Scientists are reporting development of a simple new procedure for removing almost 98 percent of an important impurity that can contaminate prescription drugs and potentially increase the risk for adverse health effects in patients. Their report appears in ACS' journal Organic Process Research & Development.
Ecevit Yilmaz and colleagues note that contamination of medications with so-called "genotoxic" impurities (GTIs) have resulted in several major recent drug recalls. GTIs may be ingredients used to make drugs, or they may be formed during production of drugs, and can remain in the final product in minute amounts. The presence of one GTI in the anti-viral medication Viracept distributed in the European Union forced a recall in 2007. With GTIs an ongoing serious concern for the pharmaceutical industry, the scientists sought a better way to remove an important GTI called acrolein.
They describe development of a way to remove acrolein by using engineered particles based on silica and polystyrene. Mixing the particles in a drug solution contaminated with acrolein for 20 minutes resulted in removal of nearly 98 percent of the GTI without any substantial removal of the active pharmaceutical ingredient. They note that while the separation materials are readily available, there may be the need for more research on the method before using it to clean up pharmaceuticals on a commercial basis.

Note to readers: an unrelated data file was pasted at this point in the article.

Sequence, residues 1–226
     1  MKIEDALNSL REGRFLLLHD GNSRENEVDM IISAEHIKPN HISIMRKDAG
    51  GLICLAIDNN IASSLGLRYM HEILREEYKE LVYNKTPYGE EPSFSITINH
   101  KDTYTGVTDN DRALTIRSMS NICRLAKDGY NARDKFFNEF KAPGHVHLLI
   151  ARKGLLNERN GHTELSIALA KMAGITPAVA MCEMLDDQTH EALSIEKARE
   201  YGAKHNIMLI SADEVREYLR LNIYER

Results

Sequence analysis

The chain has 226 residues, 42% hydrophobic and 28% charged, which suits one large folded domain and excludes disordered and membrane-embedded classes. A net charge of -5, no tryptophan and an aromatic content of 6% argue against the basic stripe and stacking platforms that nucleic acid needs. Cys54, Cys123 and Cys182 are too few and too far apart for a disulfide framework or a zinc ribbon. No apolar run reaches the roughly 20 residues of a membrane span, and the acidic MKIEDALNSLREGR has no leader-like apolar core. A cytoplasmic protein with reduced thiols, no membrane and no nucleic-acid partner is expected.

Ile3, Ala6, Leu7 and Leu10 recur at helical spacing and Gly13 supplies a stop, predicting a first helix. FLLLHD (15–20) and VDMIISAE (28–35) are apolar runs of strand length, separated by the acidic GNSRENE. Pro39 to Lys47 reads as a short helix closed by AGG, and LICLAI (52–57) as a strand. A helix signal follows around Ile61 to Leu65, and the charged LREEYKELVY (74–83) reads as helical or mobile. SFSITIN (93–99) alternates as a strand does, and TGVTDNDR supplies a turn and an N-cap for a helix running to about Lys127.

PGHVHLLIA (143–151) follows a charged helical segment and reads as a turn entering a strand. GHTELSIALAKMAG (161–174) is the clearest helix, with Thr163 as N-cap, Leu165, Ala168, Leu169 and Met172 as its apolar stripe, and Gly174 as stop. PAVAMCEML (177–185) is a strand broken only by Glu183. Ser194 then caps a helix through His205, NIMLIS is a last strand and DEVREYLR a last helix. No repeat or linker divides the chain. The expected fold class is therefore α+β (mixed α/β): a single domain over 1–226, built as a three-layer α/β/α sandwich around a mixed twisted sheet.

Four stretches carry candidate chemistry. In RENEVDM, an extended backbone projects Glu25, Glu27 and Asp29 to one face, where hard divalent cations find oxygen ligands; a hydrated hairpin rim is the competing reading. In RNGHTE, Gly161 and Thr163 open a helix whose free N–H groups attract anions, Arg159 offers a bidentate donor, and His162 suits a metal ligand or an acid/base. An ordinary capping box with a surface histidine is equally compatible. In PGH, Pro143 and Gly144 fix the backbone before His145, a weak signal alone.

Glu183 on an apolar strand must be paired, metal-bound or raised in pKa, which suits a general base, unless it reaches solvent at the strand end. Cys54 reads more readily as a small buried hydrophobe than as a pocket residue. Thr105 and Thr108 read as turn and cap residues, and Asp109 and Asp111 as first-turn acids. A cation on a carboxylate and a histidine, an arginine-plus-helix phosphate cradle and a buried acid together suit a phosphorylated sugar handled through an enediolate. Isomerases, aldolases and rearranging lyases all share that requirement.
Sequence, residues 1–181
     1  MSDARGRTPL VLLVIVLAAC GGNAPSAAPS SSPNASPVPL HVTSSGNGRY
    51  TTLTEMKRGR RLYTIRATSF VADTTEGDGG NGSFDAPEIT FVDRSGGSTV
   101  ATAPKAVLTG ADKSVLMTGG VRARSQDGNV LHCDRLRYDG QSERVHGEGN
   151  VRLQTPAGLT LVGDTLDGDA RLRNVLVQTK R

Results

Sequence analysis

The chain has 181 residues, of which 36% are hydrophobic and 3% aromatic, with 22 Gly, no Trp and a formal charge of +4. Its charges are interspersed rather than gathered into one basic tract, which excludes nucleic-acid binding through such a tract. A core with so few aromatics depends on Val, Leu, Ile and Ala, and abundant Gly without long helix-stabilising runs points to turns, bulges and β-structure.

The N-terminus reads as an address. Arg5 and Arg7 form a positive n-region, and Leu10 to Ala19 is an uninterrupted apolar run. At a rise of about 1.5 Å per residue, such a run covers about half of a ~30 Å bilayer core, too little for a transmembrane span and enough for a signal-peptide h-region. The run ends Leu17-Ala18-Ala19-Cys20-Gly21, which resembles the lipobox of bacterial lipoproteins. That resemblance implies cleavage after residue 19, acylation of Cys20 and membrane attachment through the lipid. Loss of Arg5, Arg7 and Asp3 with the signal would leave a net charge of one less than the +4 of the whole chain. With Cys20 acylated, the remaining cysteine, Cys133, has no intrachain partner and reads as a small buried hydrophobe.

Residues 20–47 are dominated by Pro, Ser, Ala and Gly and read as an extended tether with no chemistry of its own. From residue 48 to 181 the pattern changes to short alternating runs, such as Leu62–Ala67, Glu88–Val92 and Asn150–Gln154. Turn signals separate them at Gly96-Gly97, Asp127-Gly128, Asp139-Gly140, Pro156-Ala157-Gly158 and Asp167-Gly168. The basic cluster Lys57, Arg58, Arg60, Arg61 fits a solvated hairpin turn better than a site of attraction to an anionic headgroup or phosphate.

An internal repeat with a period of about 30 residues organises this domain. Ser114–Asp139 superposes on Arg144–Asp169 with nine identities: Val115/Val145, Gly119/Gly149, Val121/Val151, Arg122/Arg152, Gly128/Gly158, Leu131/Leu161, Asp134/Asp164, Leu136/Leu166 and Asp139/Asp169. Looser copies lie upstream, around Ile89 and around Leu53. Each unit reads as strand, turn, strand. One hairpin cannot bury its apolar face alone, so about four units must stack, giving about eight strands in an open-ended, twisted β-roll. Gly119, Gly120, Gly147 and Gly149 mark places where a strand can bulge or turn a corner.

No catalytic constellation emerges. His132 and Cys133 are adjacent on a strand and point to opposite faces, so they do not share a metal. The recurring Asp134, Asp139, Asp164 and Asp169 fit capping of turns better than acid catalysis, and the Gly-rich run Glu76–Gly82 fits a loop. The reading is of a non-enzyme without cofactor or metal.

Explore further: Structure of sodium channels different than previously believed
More information: Removal of Acrolein from Active Pharmaceutical Ingredients Using Aldehyde Scavengers Org. Process Res. Dev., 2012, 16 (6), pp 12251229. DOI: 10.1021/op3000459
A variety of chemical compounds, intermediates, and reagents are used during the process of synthesizing active pharmaceutical ingredients (APIs). Some of these chemicals, intermediates, and reagents, as well as byproducts of synthetic processes, can have toxic properties and be present as impurities at low levels in the API or final drug formulation. If present at high concentrations, the toxic impurities could cause adverse health effects in humans. This paper describes a simple and rapid approach for selective removal of acrolein from APIs using iodixanol as a model API. Several scavengers were tested, and the resins which showed highest binding efficiency and selectivity were chosen for further evaluations. The kinetics of acrolein scavenging in the presence of the API iodixanol and the scavenging capacity of resins were demonstrated in this paper. The most complete scavenging is obtained with PS-NH2 which removes 97.8% of acrolein without any substantial removal of the API during 20 min of reaction time.